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August 16, 2001 | From Associated Press
A National Park Service official said Wednesday that he has yet to see new scientific information to justify overturning a ban on snowmobiling in Yellowstone. Despite charges of "bad science" leveled at the ban, park officials said the snowmobile industry has submitted no new scientific studies challenging it. "It is a disappointment," said John Sacklin, chief of park planning.
January 24, 2003 | From Times Wire Reports
A North Dakota man snowmobiling with a friend was buried in an avalanche near Cooke City and died, authorities said. Andrew Greicar, 21, of Pisek died when he and his machine were buried near Wolverine Pass northwest of Cooke City, said Park County Sheriff Clark Carpenter. The avalanche risk for the area is rated "high" because of recent heavy snow. The death was the first avalanche fatality in Montana this season.
March 27, 2001 | From Times Wire Reports
Yellowstone National Park employees who monitor thousands of snowmobiles entering the park have reported headaches, nausea, lethargy, sore throats and stinging eyes--symptoms matching those of carbon monoxide poisoning. Ranger Bob Siebert, who oversees the entry workers and law enforcement staff, said the air is not clean along snowmobile corridors. Such reports bolster National Park Service arguments on closing Yellowstone and most other national parks to snowmobiles.
February 12, 2004 | From Times Wire Reports
Responding to the latest decision by a federal judge, the National Park Service issued rules that allow more snowmobiles in Yellowstone and Grand Teton parks for the rest of the winter. The rules increase from 493 to 780 the number of snowmobiles allowed in Yellowstone daily. For Grand Teton and the parkway connecting the two parks, 140 vehicles will be allowed daily.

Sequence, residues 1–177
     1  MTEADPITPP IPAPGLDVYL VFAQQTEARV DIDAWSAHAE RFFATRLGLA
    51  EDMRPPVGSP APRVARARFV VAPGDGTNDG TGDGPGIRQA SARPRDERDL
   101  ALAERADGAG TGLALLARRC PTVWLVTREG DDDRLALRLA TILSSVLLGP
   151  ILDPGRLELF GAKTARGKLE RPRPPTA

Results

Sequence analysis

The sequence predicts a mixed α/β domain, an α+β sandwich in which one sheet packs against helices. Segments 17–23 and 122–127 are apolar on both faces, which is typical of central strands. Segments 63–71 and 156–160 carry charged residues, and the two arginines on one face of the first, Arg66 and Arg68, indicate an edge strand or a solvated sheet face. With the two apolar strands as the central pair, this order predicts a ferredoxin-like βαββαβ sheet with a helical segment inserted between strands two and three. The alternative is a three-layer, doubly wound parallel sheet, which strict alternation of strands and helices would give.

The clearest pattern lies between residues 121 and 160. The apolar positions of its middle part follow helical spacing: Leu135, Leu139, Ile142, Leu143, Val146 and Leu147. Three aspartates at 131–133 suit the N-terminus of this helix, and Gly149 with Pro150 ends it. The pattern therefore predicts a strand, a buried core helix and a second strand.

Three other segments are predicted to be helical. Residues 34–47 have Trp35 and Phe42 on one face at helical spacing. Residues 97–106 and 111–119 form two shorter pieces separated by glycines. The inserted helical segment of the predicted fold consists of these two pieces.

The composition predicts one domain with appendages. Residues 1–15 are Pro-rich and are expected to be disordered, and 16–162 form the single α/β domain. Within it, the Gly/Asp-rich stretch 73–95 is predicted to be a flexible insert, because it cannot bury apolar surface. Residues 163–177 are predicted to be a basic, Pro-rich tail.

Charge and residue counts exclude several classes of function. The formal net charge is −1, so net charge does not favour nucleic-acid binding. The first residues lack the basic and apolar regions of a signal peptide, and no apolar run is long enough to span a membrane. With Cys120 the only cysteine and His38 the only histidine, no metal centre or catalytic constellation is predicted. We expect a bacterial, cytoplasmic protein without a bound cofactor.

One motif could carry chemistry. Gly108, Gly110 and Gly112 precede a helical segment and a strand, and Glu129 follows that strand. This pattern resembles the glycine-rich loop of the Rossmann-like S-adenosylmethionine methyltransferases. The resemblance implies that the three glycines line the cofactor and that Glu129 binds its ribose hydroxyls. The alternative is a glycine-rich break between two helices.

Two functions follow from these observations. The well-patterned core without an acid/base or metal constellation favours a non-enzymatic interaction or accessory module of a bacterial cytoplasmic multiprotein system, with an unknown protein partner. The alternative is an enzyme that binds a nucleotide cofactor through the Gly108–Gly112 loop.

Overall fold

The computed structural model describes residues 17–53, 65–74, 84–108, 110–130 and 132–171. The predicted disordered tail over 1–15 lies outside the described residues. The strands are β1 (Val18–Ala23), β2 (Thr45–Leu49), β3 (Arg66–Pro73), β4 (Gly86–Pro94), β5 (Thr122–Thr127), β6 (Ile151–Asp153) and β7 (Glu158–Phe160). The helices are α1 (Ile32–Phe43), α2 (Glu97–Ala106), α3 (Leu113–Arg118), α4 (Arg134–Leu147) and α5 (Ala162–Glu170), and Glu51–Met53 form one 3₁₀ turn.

October 16, 2004 | From Times Wire Reports
A federal judge in Cheyenne struck down a Clinton-era ban on snowmobiles in Yellowstone and Grand Teton national parks. U.S. District Judge Clarence Brimmer ruled that the ban -- aimed at preventing air and noise pollution and protecting wildlife -- was imposed without adequate public participation. The 2001 rule was "the product of a prejudged, political decision to ban snowmobiles from all the national parks," Brimmer said.
October 19, 2002 | From Times Wire Reports
More than 50,000 snowmobilers who have been used to riding groomed national forest trails near Lake Tahoe may have to find their own way this winter. A state commission this week rejected more than $400,000 for winter recreation programs in the Lake Tahoe Basin and along California Highway 88 both east and west of the Kirkwood ski resort and Carson Pass.
April 4, 2004 | From Associated Press
Snowmobilers and environmentalists are clashing over a new national snowmobile festival designed to promote the Reno-Tahoe area as "America's Adventure Place." Snowmobilers say Sledfest 2004, which ends a four-day run today in Reno, is in line with local tourism officials' efforts to promote the region as an outdoor adventure destination. But Gail Ferrell of the Snowland Network advocacy group for nonmotorized winter sports said the event promotes a noisy, environmentally harmful sport.
December 4, 2002 | From Associated Press
Four environmental groups sued the Bush administration Tuesday, seeking to block changes that would allow more people to ride snowmobiles in Yellowstone and Grand Teton national parks. The lawsuit, filed in U.S. District Court, asks a federal judge to block a recent Interior Department decision that would undo a Clinton administration ban on snowmobiles in the popular Western parks by next winter. The environmental groups want the judge to keep the Clinton rule in place.
June 18, 2004 | From Times Wire Reports
The House voted to let snowmobile use continue at Yellowstone and Grand Teton national parks, dealing a defeat to environmentalists. By a 224-198 vote, the chamber defeated an effort to ban the vehicles by lawmakers who said the machines pollute and are noisy, and are dangerous to wildlife. Snowmobile advocates -- backed by manufacturers and tourism interests -- said a ban would devastate the economy around the parks, which lie mostly in northwestern Wyoming.
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